Steps 1, 2, 3, 4, and 5

Lift one half of the dough circle and moisten half of the straight edge with water (Step 1). Bring the rest of that straight edge up to form a little cone shape (Step 2). Press the pointed end closed, then firmly press the edges of the cone so they stay together. Hold the little cone in your hand and place about a rounded tablespoon or so of the cooled filling mixture into the cone (Step 3). Moisten half the cone edge with water (Step 4), then begin pressing the two sides together firmly to seal completely (Step 5). I took this one step further, just to make them cute for the presentation, and pinched that top edge together into little pleats, but this is not necessary. 

The samosas can be frozen as soon as they are done, if needed for a future date. Set them onto baking sheets and in the freezer until hard, then place them in freezer zip top bags. Keep frozen for up to 2 months. When needed, set the frozen samosas onto baking sheets, brush with oil or ghee and bake in a preheated 400 degree oven for about 15 minutes, until the outsides are golden. (The insides are already cooked, and only need to be heated through). If desired, the samosas can be deep fried until golden. Another option is to bake them and then briefly turn them in a lesser amount of hot fat to give them the crisp, fried look and taste. Serve them with chutney of choice.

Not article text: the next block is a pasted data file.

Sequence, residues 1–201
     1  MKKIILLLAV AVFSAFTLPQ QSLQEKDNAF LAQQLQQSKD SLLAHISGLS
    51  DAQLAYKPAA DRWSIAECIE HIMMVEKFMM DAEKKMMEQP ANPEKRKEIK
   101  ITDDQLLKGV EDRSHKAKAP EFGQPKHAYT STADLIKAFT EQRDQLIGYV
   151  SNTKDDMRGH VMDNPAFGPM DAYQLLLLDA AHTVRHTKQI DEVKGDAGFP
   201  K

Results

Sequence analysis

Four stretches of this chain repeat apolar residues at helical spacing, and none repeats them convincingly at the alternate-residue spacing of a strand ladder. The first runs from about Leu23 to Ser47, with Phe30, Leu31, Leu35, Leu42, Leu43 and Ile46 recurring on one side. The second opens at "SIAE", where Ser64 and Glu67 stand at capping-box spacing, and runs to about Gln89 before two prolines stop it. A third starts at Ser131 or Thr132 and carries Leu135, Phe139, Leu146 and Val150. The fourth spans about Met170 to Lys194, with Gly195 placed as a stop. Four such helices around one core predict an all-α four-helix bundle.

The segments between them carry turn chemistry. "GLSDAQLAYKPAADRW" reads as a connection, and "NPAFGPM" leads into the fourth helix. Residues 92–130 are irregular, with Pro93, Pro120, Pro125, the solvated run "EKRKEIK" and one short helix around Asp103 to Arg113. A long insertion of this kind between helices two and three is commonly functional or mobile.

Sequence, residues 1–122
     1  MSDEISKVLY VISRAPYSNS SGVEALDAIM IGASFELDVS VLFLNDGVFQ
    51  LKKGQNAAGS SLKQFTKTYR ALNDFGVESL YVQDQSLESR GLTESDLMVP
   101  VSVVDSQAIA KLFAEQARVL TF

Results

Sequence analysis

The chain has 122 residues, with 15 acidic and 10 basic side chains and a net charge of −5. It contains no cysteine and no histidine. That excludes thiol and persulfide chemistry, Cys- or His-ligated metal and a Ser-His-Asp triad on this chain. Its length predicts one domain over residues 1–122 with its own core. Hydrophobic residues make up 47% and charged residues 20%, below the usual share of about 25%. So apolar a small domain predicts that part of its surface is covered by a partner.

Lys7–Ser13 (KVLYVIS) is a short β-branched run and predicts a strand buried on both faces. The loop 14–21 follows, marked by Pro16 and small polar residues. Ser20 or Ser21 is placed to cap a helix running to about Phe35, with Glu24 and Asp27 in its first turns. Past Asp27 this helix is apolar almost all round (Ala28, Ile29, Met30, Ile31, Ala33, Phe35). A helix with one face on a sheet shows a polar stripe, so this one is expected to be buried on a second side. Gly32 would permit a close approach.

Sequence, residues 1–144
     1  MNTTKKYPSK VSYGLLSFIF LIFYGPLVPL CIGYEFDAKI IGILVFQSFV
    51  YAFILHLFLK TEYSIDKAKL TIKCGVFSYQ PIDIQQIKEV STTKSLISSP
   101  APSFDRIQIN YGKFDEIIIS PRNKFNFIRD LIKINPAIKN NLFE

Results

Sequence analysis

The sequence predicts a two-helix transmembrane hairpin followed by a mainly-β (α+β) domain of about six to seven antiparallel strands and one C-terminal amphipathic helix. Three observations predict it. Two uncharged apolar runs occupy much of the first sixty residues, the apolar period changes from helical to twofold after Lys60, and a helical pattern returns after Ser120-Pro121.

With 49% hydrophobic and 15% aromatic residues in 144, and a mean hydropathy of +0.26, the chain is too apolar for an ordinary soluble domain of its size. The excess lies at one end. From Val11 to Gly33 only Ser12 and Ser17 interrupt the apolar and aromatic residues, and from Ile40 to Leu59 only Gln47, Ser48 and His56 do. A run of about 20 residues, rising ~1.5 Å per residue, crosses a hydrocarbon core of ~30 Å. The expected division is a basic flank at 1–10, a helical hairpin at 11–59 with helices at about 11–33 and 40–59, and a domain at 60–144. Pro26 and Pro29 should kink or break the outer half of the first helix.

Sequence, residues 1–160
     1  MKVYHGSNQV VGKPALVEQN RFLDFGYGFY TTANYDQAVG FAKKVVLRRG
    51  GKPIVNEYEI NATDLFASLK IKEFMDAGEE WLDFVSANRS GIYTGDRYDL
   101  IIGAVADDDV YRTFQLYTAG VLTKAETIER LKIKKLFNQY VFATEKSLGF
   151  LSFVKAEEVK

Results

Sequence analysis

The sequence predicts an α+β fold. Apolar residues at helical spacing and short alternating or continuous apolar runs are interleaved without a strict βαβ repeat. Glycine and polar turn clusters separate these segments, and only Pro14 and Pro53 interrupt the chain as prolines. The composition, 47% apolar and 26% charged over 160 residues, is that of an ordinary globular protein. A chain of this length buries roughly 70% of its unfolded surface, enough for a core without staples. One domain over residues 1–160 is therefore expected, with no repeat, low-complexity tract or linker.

These are great to make ahead for a party. They can be baked when needed and served at room temperature.

My passion is teaching people how to create a harmony of flavors with their cooking, and passing along my love and joy of food, both simple or exotic, plain or fancy. I continue my journey in ethnic and domestic cuisines, trying new things weekly. I would love to hear from you, to help me continue my journey to explore diverse culinary experiences and hopefully to start you on a journey of your own. Join me also at A Harmony of Flavors on Facebook, and Pinterest

No comments:

Post a Comment